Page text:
What's the Big Deal With 'Big Data'?

Ben Hecht contemplates the currency of the digital age and how it will transform the cities we live in.
March 14, 2012, 6am PDT | Ryan Lue
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Ours is a world driven by data. Every step we take, whether it's the swipe of a club card at the supermarket or a simple Google search, leaves a trail of information about what we like and how we behave. Businesses and institutions have long been harvesting this data to better serve their clientele, ushering in a new model for making decisions and relating to the world. Dubbed Big Data, this trend has major implications for the public sphere as well, Hecht suggests:

  1. Informed Decisionmaking: "Data collection systems have evolved rapidly over the last decade with more sophisticated and varied sources for capturing information including 311 calls, educational performance, and health care," allowing for a more responsive government.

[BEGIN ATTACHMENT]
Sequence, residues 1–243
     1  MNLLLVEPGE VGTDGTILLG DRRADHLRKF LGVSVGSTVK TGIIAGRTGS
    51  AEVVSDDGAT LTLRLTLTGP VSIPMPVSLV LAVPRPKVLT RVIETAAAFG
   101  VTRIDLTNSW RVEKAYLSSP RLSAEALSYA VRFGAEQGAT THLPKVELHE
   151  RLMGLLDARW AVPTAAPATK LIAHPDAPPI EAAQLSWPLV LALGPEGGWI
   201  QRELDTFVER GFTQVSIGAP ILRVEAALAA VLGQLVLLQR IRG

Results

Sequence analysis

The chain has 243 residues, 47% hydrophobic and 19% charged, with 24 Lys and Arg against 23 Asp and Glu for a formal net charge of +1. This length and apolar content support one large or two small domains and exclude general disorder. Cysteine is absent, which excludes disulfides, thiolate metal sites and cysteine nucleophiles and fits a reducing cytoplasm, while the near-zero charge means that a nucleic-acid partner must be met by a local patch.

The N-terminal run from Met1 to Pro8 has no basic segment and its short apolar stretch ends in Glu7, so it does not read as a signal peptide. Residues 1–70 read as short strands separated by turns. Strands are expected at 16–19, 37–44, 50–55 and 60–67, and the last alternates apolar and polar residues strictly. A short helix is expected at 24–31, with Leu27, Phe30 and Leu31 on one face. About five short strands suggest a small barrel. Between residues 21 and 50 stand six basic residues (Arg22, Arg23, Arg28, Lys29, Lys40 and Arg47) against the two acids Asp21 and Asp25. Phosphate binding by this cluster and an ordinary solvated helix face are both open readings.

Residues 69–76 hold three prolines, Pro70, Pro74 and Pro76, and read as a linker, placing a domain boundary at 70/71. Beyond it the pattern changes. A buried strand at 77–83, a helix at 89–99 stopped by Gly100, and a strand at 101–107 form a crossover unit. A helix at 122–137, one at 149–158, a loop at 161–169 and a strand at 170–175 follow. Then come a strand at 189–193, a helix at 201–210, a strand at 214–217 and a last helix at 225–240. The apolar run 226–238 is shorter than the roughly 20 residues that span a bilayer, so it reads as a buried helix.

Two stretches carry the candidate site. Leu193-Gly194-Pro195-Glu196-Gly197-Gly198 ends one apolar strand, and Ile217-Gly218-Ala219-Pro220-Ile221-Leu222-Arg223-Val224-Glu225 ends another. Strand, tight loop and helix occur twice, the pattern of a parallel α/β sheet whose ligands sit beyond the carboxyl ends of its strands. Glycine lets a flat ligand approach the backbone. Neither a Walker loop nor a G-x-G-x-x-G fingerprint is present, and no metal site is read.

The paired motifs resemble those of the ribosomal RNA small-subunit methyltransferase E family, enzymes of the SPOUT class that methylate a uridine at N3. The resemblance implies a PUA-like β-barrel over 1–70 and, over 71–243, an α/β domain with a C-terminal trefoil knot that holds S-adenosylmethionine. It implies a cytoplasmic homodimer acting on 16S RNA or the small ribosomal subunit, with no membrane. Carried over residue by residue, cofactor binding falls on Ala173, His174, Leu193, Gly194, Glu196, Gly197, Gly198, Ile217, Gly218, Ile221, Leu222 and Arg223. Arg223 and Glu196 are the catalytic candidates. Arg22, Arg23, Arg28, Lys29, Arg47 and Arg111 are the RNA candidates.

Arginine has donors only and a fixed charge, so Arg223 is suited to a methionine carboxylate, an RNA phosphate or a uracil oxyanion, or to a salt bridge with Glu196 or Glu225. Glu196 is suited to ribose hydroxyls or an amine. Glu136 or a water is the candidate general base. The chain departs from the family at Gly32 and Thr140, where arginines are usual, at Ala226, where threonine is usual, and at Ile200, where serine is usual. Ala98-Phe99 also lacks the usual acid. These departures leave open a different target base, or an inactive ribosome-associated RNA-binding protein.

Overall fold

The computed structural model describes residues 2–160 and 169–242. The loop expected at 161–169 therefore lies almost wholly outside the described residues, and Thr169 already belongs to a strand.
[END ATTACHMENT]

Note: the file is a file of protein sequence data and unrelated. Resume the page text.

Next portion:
2. Civic Change: As public agencies make more and more data publicly available, citizens can better engage in the democratic process, "improving civic life generally, from real-time bus schedules to virtual land use planning."
  3. Behavior Prediction: "Education leaders [in North Carolina] are using high-tech data analytics... to predict who might be at risk of falling off track and even failing to graduate high school." In addition, police forces may soon analyze crime statistics "to better understand where police need to be and when to provide the greatest benefit to communities."

According to Hecht, "How we harness Big Data for common good will be a big question for the next decade."

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Published on Tuesday, February 28, 2012 in Living Cities
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